'Golden Memories' of Father-Daughter Bonding As a teenager, the scariest person in Jen Lancaster's life wasn't Freddie Krueger or Michael Myers, but Ronald Lancaster, her father — until the night they laughed themselves silly, courtesy of Jean Shepherd.


'Golden Memories' of Father-Daughter Bonding

'Golden Memories' of Father-Daughter Bonding

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Jen Lancaster's newest memoir is Such a Pretty Fat. When not writing, she's vacuuming, because she has two shedding dogs, four shedding cats and one shedding husband. Courtesy of Jen Lancaster hide caption

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Courtesy of Jen Lancaster

I was upstairs when I first heard the noise. Home alone on a Friday night due to a geometry-related offense (I hate you, Pythagoras and your theorems!), I reacted like every other teenage slasher-film victim, running directly toward the source. I flew down the stairs and through the breakfast nook, only to come face to face with the scariest person of all — not Freddie Krueger or Michael Myers, but Ronald Lancaster, my father.

Back in early 1983, my dad was tasked with keeping unions from organizing in his company's distribution centers. His work pulled him away from home for months on end. Even though he'd been fortunate enough to ride out most of the miserable Indiana winter in Atlanta, his job stress was overwhelming, and his good humor was practically nonexistent. Yet when I clattered down the steps, there was my dad, and he seemed ... happy. I was as surprised to see him smiling as I was to see him home, so I decided to endure whatever boring British farce he had on and joined him in the family room.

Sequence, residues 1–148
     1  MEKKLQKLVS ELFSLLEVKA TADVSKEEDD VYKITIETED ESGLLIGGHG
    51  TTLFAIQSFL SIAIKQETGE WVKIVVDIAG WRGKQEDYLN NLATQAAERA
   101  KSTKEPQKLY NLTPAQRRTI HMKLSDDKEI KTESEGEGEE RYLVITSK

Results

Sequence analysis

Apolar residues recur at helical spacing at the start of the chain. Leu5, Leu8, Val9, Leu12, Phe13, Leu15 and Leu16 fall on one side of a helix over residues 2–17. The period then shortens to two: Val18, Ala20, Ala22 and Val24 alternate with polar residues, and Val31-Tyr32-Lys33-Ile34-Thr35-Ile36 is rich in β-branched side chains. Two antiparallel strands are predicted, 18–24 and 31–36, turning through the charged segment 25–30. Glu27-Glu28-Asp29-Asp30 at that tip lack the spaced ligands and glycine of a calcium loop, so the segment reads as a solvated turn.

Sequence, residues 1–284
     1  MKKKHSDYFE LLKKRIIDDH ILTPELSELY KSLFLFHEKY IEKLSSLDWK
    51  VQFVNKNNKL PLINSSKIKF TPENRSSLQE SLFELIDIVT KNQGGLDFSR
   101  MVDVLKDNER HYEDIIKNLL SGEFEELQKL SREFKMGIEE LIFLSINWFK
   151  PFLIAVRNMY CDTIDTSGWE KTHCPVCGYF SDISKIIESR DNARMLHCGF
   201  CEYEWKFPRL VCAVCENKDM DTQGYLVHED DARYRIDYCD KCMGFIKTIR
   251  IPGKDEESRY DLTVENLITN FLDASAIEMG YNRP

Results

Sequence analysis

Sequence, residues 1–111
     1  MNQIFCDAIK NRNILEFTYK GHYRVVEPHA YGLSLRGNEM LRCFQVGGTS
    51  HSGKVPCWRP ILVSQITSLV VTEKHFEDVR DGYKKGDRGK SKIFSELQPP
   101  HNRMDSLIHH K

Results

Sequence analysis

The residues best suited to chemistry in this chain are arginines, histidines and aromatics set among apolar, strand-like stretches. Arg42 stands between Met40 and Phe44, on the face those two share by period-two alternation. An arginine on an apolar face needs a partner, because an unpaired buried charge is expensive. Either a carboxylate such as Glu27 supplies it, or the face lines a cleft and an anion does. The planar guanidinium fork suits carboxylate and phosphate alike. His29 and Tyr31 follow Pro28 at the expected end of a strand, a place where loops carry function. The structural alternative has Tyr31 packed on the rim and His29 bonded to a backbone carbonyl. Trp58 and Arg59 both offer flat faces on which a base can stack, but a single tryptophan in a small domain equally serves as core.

My father was watching a movie called The Star-Crossed Romance of Josephine Cosnowski, the story of Ralphie Parker's unfortunate date with a beautiful Polish girl from East Chicago. Turns out the noise I'd heard was laughter, because the show was dramatic, but hilarious. My father and I spent the next hour cackling so loud our dog hid under the kitchen table.

When it was over, my father told me Jean Shepherd had written what we'd watched. Dad explained he'd become a fan when Shepherd first narrated his short stories on the radio. He told me that if I looked on his bookshelf, I'd find the Josephine Cosnowski story and many others in Wanda Hickey's Night of Golden Memories: And Other Disasters.

I grabbed the book and headed back upstairs, where I immersed myself in Shepherd's distinctive voice. I snorted over stories of bad country neighbors and their rogue ham-stealing dogs in "The Grandstand Passion Play of Delbert and the Bumpus Hounds" (later to be immortalized as turkey-stealing bloodhounds in the film A Christmas Story).

My stomach ached as Shepherd recounted his heroic intake of junk food in "County Fair!" His description of being jammed into a 15-inch space of back seat carved out of picnic baskets and inner tubes hit a little too close to home in "Ollie Hopnoodle's Haven of Bliss." Yet that story made me nostalgic for my own miserable family road trips, and I recalled having contests with my brother over who could eat and drink the least, because my dad considered rest stops a luxury.

I finished Wanda Hickey in a few hours. Later, over blueberry pancakes, Dad and I laughed about our favorite scenes, enjoying the kind of relaxed banter we hadn't had since my childhood. Conversations about the book led to him telling stories about his wild teenage years and, suddenly, my performance in geometry didn't seem so dire.